The efficiency of two lypolytic enzymes (fungal cutinase, yeast esterase) in the degradation of dipropyl phthalate (DPrP) was investigated. The DPrP-degradation rate of fungal cutinase was surprisingly high, i.e., almost 70% of the initial DPrP (500 mg/l) was decomposed within 2.5 h and nearly 50% of the degraded DPrP disappeared within the initial 15 min. With the yeast esterase, despite the same concentration, more than 90% of the DPrP remained even after 3 days of treatment. During the enzymatic degradation of DPrP, several DPrP-derived compounds were detected and time-course changes in composition were also monitored. The final chemical composition after 3 days was significantly dependent on the enzyme used. During degradation with fungal cutinase, most DPrP was converted into 1,3-isobenzofurandione (IBF) by diester hydrolysis. However, in the degradation by yeast esterase, propyl methyl phthalate (PrMP) was produced in abundance in addition to IBF. The toxic effects of the final degradation products were investigated using various recombinant bioluminescent bacteria. As a result, the degradation products (including PrMP) from yeast esterase severely caused oxidative stress and damage to protein synthesis in bacterial cells, while in the fungal cutinase processes, DPrP was significantly degraded to non-toxic IBF after the extended period (3 days).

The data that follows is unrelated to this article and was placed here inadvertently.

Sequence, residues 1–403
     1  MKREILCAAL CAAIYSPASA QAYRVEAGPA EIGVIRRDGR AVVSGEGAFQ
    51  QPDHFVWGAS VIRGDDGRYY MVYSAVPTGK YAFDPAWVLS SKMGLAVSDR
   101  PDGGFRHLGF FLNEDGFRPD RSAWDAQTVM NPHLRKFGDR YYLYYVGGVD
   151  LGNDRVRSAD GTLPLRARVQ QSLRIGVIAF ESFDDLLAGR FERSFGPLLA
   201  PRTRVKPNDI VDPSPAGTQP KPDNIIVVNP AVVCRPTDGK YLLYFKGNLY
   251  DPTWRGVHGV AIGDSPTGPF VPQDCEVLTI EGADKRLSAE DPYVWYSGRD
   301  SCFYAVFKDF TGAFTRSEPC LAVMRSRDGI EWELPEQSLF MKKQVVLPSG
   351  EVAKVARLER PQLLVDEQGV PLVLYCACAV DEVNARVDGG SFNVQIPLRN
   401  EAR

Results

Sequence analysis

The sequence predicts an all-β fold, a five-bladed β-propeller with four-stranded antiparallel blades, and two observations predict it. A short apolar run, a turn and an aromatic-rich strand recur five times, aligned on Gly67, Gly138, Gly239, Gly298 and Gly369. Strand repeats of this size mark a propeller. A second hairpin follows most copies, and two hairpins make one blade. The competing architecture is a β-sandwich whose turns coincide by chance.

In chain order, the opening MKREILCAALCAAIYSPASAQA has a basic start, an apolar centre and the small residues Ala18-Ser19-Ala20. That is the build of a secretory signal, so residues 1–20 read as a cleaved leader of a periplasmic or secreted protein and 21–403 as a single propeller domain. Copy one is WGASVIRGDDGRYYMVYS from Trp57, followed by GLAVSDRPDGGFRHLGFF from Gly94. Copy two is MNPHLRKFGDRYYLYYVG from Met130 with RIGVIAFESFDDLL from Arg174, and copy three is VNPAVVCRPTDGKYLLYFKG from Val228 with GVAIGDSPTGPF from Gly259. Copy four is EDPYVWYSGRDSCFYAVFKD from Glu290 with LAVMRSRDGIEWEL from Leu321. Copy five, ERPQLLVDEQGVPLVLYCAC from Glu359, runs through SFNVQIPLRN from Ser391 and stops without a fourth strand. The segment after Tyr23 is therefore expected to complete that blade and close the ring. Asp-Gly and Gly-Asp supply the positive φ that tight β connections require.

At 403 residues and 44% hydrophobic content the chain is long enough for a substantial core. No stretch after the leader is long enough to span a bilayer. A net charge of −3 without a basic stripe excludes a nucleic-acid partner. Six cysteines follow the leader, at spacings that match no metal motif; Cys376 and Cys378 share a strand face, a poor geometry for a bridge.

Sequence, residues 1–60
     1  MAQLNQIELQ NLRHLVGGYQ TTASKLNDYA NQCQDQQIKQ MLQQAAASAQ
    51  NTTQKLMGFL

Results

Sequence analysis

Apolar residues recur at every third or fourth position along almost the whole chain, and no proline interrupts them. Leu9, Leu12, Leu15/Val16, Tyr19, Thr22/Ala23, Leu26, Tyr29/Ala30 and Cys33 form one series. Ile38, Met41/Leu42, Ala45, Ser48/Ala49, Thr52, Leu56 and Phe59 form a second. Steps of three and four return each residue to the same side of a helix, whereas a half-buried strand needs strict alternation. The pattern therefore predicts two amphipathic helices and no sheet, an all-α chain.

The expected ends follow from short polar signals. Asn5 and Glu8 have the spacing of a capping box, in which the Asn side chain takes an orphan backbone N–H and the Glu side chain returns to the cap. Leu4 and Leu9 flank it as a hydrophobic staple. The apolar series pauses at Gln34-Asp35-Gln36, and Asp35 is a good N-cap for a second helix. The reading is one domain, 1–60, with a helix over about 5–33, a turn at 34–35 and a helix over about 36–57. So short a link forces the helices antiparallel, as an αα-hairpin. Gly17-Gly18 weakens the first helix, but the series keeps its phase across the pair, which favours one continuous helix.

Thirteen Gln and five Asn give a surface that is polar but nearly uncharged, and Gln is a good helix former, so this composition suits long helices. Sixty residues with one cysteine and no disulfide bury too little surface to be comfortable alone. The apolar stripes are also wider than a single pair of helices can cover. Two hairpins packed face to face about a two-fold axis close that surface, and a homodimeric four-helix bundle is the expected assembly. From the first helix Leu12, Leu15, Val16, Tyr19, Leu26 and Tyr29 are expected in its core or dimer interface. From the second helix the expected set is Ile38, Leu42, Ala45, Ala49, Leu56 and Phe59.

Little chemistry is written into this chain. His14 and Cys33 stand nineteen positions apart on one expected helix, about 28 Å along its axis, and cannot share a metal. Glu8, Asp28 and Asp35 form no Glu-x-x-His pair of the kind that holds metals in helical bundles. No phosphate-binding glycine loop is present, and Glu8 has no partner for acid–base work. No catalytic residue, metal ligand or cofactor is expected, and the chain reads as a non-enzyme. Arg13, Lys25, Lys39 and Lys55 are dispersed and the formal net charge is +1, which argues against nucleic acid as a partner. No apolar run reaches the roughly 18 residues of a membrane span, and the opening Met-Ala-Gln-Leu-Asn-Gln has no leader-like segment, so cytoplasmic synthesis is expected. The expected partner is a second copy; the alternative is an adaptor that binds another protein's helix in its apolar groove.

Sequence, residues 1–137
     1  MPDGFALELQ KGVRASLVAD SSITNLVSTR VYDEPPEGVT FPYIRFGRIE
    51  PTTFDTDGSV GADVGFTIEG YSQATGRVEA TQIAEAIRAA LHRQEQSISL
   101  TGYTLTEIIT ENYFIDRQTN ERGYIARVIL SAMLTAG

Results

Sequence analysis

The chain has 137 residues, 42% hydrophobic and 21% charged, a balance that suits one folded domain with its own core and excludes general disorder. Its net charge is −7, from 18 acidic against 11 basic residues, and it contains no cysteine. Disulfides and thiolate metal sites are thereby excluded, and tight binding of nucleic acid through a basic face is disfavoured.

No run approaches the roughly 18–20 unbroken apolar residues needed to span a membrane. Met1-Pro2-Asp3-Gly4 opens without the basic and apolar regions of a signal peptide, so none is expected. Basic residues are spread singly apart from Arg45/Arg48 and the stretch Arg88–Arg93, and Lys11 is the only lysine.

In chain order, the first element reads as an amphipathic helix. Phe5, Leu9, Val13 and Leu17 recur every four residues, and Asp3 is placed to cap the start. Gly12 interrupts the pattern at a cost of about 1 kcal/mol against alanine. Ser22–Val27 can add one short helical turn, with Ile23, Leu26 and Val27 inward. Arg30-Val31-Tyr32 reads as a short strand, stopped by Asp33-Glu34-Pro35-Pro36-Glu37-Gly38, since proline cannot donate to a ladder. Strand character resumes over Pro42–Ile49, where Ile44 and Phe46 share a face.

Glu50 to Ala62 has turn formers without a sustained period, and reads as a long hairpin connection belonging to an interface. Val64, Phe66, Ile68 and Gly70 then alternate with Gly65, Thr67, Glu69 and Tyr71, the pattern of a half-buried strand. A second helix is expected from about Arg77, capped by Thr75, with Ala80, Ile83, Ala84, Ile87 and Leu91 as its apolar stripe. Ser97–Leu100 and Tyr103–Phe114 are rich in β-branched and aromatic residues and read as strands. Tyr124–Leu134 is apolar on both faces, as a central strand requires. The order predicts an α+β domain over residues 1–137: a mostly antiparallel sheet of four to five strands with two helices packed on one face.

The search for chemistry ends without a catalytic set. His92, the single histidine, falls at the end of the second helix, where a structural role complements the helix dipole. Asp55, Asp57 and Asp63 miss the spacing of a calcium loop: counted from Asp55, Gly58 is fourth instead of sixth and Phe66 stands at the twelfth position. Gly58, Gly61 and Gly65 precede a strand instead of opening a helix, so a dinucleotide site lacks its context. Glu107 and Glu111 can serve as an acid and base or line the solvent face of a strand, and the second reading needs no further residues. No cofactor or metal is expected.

- Biodegradation of dipropyl phthalate
- Recombinant bioluminescent bacteria
- Toxicity monitoring
ASJC Scopus subject areas
- Molecular Biology